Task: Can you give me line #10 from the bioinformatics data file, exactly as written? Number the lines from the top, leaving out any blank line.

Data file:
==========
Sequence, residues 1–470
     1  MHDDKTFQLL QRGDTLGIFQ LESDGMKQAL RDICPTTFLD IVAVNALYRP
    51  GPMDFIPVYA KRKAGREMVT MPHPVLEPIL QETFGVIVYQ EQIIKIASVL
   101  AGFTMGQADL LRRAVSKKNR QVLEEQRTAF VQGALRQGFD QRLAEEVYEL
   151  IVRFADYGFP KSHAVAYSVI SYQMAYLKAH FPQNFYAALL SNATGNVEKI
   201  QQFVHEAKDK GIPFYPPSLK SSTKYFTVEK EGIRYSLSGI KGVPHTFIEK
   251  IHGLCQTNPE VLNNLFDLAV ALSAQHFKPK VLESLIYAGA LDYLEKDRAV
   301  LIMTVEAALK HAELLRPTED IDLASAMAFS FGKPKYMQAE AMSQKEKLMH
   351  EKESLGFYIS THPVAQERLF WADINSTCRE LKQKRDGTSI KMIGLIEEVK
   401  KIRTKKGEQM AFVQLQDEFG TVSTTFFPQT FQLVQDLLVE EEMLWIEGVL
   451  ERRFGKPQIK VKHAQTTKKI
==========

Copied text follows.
   401  KIRTKKGEQM AFVQLQDEFG TVSTTFFPQT FQLVQDLLVE EEMLWIEGVL